Trying to Stay Healthy During a Global Pandemic?
Elana Maurin, MHS, PhD – Associate Professor, Clinical Psychology Program; The Chicago School of Professional Psychology
Keith Renshaw, PhD – Professor and Chair, Department of Psychology; George Mason University
The worldwide spread of Covid-19 has changed our lives. It is especially important to maintain a healthy and active lifestyle during this crisis in order to adapt and to limit our exposure. The following strategies can help you stay healthy during this challenging time.
1. Look for unconventional ways to exercise
- Walk during meetings. Log into your meetings by phone instead of video, if possible, and take that opportunity to get outside and walk. Or, if you must stay in or be near the computer, walk inside. One of us has gotten over 20,000 steps per day like this!
- Turn your old commute time into exercise time. Don’t let work or other responsibilities overtake all your extra time. Turn your old commuting time into exercise time.
- Try something new. Have your friends been trying to get you to take up yoga or pilates? Now is the time! There are tons of videos available online or through different television subscription services.
2. Monitor your eating
- Avoid over-snacking. Eating healthily when you’re home all day can be difficult, particularly with your fridge and pantry beckoning you. Avoid over-snacking by measuring out portions and taking them into another room with you. Mindlessly eating is too easy when you have an entire bag of snacks at your side. Also, use timers to space out your snacks!
- Portion your take-out orders. Ordering out is a great way to support local businesses right now, but it can be an invitation to eat more than you need. Split the portion in half before you dig in and put the other half into the fridge for another day.
- Engage in mindful shopping. Be mindful when you shop and never shop when you’re hungry. The best way to avoid eating unhealthy foods is not to have them in your home in the first place.
3. Focus on sleep
- Limit bingeing your new show. It’s tempting to stay up and binge your favorite new show. But this can interfere with sleep by delaying bedtime, exposing you to blue light from the screen, and potentially activating you too close to bedtime. Limit yourself to 1-2 episodes per night and, most importantly, wrap up at least 1 hour before you want to go to bed.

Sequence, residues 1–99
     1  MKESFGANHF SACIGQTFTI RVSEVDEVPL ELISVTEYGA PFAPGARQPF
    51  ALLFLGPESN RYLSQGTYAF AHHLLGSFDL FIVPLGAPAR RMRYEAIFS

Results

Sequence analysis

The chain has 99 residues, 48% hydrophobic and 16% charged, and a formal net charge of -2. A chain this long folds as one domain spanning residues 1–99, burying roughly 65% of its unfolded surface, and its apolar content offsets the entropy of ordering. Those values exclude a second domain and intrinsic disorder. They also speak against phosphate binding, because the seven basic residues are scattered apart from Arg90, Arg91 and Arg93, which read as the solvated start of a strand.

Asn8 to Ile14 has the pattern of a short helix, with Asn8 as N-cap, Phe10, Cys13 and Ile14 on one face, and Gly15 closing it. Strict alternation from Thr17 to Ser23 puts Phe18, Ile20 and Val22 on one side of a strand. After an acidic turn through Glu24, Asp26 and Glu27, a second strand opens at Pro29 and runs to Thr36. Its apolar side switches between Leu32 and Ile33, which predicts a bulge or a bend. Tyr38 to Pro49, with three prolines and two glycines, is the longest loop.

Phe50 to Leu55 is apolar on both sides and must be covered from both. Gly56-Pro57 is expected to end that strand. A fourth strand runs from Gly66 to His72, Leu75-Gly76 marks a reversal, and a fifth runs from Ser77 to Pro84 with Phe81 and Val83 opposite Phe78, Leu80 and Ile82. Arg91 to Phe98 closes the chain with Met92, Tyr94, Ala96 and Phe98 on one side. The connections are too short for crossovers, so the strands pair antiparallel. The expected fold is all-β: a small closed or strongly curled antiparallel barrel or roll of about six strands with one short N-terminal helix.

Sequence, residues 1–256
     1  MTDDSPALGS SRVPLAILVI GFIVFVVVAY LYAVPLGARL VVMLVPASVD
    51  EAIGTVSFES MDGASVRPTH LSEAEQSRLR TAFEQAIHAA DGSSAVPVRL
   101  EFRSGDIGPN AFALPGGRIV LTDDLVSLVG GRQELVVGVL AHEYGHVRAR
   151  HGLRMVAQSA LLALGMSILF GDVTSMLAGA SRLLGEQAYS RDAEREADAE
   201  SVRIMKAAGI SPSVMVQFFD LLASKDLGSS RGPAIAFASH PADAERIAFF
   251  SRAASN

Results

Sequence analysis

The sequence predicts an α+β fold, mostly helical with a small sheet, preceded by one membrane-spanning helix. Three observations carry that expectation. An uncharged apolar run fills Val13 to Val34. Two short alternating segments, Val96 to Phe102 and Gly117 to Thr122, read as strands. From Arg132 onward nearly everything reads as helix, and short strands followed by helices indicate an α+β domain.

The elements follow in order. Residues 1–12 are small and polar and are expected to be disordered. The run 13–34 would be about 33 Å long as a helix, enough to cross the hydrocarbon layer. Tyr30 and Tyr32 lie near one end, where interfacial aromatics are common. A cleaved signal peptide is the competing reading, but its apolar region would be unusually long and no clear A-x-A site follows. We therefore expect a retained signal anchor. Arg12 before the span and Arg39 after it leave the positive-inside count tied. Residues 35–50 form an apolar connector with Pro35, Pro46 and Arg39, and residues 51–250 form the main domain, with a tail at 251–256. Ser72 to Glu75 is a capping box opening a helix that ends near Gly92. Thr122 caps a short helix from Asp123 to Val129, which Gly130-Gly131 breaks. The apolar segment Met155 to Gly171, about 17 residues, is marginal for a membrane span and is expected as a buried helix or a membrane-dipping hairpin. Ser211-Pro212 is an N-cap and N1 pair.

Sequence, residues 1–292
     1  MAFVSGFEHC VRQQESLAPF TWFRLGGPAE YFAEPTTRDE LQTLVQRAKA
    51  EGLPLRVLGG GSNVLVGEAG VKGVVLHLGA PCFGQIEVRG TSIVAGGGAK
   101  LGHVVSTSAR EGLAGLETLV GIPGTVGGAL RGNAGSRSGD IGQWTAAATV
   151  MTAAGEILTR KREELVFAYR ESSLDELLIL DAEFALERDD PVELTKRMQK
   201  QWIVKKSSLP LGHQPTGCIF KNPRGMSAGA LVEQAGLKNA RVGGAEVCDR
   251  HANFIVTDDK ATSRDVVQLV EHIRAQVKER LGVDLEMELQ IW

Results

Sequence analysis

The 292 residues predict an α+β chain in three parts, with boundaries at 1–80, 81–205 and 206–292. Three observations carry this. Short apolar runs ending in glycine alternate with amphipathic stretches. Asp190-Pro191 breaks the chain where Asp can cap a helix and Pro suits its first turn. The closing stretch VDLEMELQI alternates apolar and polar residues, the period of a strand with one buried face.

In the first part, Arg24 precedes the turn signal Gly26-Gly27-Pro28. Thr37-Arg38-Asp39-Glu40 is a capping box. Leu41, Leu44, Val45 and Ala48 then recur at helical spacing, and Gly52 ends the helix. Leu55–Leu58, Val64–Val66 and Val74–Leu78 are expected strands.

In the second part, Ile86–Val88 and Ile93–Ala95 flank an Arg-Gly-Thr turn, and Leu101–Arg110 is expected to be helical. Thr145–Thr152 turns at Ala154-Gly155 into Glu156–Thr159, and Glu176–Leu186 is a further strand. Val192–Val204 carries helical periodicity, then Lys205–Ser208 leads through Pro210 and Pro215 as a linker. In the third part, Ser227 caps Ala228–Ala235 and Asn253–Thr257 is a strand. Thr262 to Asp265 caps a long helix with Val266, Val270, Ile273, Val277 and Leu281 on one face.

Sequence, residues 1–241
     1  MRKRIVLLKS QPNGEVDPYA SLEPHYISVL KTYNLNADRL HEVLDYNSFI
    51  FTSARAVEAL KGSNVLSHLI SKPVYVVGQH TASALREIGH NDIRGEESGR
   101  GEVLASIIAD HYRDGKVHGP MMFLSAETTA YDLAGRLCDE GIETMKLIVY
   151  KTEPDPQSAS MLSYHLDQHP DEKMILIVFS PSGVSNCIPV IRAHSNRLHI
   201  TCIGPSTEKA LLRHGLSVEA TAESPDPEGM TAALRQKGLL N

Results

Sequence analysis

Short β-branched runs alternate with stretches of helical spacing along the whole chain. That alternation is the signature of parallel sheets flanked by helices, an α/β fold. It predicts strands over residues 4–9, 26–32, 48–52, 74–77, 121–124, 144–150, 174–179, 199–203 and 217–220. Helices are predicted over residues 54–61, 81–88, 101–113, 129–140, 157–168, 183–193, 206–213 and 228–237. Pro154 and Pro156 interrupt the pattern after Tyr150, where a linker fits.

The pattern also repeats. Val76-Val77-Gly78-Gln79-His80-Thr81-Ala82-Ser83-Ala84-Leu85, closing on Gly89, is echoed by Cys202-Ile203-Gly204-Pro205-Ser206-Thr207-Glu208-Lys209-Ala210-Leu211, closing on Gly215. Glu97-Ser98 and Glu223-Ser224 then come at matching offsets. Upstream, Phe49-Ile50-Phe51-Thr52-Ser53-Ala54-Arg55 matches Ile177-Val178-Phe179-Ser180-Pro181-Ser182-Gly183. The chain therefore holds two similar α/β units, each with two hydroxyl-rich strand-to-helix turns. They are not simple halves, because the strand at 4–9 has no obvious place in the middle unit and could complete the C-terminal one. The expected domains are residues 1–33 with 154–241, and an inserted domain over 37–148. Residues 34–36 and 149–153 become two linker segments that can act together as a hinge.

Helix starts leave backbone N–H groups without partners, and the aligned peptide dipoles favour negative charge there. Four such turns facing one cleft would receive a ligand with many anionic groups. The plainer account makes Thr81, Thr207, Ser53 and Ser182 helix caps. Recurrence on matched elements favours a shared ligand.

- Give yourself a break from devices. Many of us are on these much more than usual now, between video conferencing, virtual get-togethers, and being stuck at home. Like TV, the content can be activating, and the blue light can interfere with sleep. Put down all devices at least an hour before bedtime and do something relaxing, like taking a bath or reading a book.
- Remove that activity tracker when getting into bed. While activity trackers are great for monitoring activity levels, some recent evidence suggests they can increase your anxiety about sleep, which then makes it harder to fall asleep!
4. Foster more meaningful social connections
- Get creative to stay connected. It’s easy to become isolated when we’re at home almost all the time. Schedule virtual get-togethers, happy hours, or game nights with friends, family, and colleagues. Reach out to friends whom you haven’t talked to in a while. Combine this with exercise by scheduling a walk with a friend or neighbor -- making sure you are social distancing by wearing a mask and maintaining at least 6 feet of distance!
- Get beyond social media. It can be easy to feel like you’re connected through Facebook, Instagram, Twitter, and the like. However, these types of connections aren’t usually meaningful and many involve scrolling past crafted pictures of how well others are handling things – leaving you wondering why you can barely keep it together. Take a break! Consider using a time-monitoring app on your phone, if you need help.
5. Give yourself a COVID break
- Limit your news consumption. Many of us are obsessed with reading about the epidemic. This can be a huge time suck, not to mention anxiety-provoking for some. Schedule a limited amount of time each day (or every other day, if you’re up to the challenge) when you’re allowed to watch, read, or listen to the news. Set a timer and make yourself get off when your time is up. You can enlist a roommate or family member to help keep you accountable!
- Limit your Covid conversations. It’s easy to lapse into talking about nothing else. Try to find other topics to talk about, whether it’s the show you’re watching, spring blooms, or that crazy thing you saw your neighbor doing…
6. Be self-compassionate
- Cut yourself some slack. Literally, no one on the planet has ever been through an experience like this one. We are all still trying to figure things out, and none of us is going to handle this perfectly. Do the best you can and forgive yourself when you come up short. You won’t be alone!
Focusing on these tips will hopefully help to improve your overall health as we all go through the COVID-19 pandemic. Look after your mental health, maintain a healthy diet, and try to exercise regularly. We will get through this together!
Walking Through Challenging Times
As a result of the COVID-19 pandemic, Americans are walking less. Learn tips and tricks to increase physical activity to manage chronic conditions like Osteoarthritis.
Changing Cooking Habits: How to Cook Healthy Food for your Family
The increased demand for cooking during the COVID-19 pandemic has led to many households feeling overwhelmed. Learn how to de-stress the cooking process with these tips and tricks.
5 Easy Ways to Get More Active
You can meet your exercise goals with these easy tips for getting more active and sticking with your routine. Learn more about getting active today.